It seemed completely far-fetched, but could it be that some member of the highway lobby had hired SAIC to run a domestic propaganda campaign around the upcoming federal transportation re-authorization and CO.com was the result? Was this what "information dominance" looked like when applied to domestic transportation policy? Preposterous! Yet CO.com's authors suggested that we sustainable transport "weenies" had merely glimpsed the tip of the CO.com iceberg. "Trust me," Judd Wiley wrote in a July 1 comment. "We've only just started. You clowns have no idea what's coming your way."
So, we did some more digging.
* * * *
We found that in February 2008, xxxxrick xxxxes took a course with SPS Training at EEI Communications in Alexandria, Virginia so he could learn how to use PD2, a software application used for Defense Department procurement. In his paperwork, xxxxxxx listed his organization as "the Office of the Secretary Defense" and his email address as mailto:email@example.com.
CO.com frequently pulled photos, links and text from Transportation Alternatives' web site, so we asked T.A.'s tech guys if we could take a closer look at their server logs. We quickly noticed that someone with a Defense Department IP address often rummaged around T.A's web site in the hours prior to CO.com blog posts that used T.A. material. For example, we found that someone using a computer at this IP address: 184.108.40.206, dns1.bta.mil, had been doing Google image searches for "Wiley Norvell" just hours before Lewis Derkins published a blog post featuring a photo of T.A.'s Wiley Norvell on July 16, 2008.
BTA.MIL is the domain name for the Pentagon's Business Transformation Agency and we found that, among its thousands of federal government contracts, SAIC had a consulting team working for the Pentagon's Business Transformation Agency in Virginia. We also noticed that people who worked for the BTA often had osd.mil e-mail addresses, just like xxxxxxx xxxxes.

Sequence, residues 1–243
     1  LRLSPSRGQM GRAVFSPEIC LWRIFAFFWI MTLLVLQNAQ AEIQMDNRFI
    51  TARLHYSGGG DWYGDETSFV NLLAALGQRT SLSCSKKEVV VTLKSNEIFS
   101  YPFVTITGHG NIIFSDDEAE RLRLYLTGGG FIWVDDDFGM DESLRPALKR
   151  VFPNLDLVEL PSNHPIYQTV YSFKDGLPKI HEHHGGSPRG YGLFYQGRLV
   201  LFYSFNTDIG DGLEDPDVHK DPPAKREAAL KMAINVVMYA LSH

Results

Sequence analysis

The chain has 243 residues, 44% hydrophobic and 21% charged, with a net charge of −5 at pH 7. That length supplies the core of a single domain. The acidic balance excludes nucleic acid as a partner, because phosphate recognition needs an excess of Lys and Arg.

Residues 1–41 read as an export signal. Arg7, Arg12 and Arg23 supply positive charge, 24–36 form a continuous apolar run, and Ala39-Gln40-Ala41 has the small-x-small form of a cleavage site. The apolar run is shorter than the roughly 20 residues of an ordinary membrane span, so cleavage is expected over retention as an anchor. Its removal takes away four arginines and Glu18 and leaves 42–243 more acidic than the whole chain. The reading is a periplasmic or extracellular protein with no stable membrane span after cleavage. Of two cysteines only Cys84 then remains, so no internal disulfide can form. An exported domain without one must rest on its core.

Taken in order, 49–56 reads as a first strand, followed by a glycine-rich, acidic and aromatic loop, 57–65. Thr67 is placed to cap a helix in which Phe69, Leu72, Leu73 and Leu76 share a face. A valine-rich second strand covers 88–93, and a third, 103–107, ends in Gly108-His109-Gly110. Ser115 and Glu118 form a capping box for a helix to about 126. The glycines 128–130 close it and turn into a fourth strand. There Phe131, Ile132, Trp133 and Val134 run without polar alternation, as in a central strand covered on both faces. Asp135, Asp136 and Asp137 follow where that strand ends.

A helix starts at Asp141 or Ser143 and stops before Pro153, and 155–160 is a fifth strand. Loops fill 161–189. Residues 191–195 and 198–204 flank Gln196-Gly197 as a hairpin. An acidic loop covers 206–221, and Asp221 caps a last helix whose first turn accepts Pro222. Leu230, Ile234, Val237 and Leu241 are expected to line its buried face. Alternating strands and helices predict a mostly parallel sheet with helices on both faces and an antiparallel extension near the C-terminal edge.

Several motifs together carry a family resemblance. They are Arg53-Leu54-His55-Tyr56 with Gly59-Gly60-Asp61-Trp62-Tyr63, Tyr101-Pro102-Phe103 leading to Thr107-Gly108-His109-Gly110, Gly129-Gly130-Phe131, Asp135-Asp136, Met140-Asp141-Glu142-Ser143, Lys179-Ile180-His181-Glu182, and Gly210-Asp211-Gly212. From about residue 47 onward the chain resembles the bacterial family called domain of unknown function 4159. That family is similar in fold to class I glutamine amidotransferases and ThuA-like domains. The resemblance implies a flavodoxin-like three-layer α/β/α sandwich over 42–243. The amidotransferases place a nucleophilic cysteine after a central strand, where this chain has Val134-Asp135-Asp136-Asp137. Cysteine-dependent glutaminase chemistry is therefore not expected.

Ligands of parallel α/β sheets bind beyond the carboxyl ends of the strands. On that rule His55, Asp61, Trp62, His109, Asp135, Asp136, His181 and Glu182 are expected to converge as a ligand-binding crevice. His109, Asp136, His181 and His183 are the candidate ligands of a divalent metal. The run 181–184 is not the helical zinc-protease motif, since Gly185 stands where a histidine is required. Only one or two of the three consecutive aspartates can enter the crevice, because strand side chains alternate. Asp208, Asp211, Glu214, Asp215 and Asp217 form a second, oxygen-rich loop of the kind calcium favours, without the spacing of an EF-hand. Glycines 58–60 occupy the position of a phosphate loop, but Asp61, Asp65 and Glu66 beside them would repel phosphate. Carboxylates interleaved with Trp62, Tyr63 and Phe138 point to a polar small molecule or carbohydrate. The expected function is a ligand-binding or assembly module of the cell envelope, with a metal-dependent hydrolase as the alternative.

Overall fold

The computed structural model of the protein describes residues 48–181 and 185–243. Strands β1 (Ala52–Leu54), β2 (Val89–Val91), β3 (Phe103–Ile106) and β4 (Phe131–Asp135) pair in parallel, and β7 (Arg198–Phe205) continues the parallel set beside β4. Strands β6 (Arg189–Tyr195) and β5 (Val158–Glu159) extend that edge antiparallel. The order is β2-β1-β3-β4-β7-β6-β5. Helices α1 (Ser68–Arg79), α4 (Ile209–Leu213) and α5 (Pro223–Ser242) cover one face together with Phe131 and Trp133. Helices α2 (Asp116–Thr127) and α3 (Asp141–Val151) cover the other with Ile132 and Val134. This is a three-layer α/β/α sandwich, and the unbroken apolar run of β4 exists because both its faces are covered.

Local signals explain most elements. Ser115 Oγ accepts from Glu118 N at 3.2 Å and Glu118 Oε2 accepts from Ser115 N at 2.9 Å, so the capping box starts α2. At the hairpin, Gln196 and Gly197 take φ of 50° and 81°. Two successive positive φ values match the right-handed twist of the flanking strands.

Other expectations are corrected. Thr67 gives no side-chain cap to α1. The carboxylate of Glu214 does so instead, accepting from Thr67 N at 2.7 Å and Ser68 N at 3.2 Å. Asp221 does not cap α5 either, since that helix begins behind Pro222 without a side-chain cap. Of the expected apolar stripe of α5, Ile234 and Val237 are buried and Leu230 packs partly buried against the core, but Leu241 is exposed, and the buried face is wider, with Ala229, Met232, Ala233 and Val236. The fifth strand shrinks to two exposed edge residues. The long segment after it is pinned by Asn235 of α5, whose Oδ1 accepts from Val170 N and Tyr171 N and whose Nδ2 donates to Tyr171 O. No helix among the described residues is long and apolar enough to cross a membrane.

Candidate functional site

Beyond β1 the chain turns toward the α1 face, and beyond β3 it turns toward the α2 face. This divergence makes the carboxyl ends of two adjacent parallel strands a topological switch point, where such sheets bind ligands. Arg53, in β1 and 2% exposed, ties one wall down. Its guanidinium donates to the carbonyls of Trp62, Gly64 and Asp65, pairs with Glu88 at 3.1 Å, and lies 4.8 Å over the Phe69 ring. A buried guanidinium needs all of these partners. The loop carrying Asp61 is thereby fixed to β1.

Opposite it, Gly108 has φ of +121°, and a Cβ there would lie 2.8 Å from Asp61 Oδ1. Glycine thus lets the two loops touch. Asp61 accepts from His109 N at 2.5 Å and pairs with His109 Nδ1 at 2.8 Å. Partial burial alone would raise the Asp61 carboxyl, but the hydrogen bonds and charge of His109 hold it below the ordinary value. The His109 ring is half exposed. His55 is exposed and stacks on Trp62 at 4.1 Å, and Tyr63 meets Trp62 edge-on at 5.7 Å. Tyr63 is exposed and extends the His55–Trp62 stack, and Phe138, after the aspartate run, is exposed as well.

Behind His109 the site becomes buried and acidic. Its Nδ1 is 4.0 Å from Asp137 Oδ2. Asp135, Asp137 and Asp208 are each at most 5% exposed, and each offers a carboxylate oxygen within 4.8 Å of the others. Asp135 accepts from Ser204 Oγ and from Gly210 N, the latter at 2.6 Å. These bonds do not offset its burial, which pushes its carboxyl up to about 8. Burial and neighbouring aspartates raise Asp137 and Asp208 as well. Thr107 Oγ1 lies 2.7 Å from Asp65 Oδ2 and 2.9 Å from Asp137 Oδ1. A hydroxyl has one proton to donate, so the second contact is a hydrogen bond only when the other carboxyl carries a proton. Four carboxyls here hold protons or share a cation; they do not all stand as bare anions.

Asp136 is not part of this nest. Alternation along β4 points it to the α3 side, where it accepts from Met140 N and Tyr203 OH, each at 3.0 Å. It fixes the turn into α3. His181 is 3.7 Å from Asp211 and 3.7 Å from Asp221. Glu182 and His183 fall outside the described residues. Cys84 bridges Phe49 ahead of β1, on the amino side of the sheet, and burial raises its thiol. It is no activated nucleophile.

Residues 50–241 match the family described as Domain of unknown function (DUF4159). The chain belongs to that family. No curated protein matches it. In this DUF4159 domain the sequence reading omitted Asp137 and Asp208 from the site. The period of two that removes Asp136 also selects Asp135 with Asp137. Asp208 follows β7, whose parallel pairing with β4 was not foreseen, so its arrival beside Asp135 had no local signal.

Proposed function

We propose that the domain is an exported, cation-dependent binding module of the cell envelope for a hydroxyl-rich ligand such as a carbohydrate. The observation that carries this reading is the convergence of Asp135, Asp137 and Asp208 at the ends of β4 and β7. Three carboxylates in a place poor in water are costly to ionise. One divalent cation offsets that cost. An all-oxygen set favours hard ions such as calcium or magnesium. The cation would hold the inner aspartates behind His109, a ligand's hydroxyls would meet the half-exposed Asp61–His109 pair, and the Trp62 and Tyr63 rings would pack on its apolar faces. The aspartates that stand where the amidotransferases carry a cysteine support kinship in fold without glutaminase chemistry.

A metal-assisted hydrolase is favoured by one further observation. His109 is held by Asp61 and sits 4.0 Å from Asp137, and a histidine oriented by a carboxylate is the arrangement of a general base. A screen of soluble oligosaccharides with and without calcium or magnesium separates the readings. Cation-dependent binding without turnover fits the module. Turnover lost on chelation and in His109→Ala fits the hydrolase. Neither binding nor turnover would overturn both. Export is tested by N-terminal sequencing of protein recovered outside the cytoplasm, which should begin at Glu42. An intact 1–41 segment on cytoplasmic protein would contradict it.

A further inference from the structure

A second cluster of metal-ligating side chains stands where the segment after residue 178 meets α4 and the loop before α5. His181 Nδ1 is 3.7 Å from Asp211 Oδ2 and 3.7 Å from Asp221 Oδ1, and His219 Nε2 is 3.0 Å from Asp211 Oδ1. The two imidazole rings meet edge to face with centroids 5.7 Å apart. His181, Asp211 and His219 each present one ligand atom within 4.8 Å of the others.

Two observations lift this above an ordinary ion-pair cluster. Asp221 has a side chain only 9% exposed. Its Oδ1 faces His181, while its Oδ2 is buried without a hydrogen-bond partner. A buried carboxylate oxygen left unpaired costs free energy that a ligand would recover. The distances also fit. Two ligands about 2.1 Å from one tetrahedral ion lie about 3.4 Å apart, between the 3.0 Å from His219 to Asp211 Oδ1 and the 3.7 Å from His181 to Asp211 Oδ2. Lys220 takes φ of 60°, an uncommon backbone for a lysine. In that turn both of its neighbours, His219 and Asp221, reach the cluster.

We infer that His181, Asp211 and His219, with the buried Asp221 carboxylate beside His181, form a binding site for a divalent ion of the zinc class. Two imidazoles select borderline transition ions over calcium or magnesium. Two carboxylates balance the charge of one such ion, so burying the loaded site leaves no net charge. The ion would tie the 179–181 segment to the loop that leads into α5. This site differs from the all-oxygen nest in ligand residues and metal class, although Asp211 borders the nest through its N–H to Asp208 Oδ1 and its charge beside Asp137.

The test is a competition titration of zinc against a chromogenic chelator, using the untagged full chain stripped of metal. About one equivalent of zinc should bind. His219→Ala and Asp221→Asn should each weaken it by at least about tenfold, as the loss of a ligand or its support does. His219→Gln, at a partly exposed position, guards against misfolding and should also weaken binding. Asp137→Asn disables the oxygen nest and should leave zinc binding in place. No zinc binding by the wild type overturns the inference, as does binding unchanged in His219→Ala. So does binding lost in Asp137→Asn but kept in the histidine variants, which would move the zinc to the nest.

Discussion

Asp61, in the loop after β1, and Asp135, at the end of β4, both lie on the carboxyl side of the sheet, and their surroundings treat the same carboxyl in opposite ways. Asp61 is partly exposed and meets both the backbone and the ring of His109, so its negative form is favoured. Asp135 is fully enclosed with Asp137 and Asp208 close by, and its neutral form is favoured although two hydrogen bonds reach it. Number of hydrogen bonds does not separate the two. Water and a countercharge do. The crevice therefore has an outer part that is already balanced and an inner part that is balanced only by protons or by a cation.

Was "Lewis Derkins" actually xxxxxxx xxxxes? Lots of evidence seemed to point that way. But the big question was whether CO.com was official Pentagon product or merely xatrick's hobby. If a Defense Department contractor with a specialty in "information dominance" were producing a right-wing, pro-autosprawl, climate change-denying, attack-blog bent on "exposing" the New York City livable streets movement, that was a pretty good story. If CO.com was just some bored Pentagon contractor's side-project, well, that wasn't exactly "60 Minutes" material.
Still, it was nice just to know the name of at least one of the anonymous authors behind CO.com. Even if CO.com was xxxrick's hobby, it was notable that a guy who proclaimed himself to be a watchdog over waste, fraud and ineptitude was using the Defense Department's computer network and your federal tax dollars to produce his personal blog. Likewise, it was also somewhat incredible that a guy who worked for one the nation's preeminent contractors of outsourced spy services wasn't competent enough to maintain the anonymity that he so clearly desired. If this were a CO.com story, they would probably say that xxxxxxx xxxxes was just another inept, money-wasting private contractor leeching off the American taxpayer.
* * * * *
While it was fun to imagine that such a thing as the military-industrial-automobile-sprawl complex existed and that it members were sitting around the Pentagon thinking about ways to counter the growing influence of Streetsblog and the livable streets movement, a number of clues piled up during our brief investigation that led us to believe that CO.com was, in the end, nothing more than a hobby for xxxxxxx xxxxes and some pals.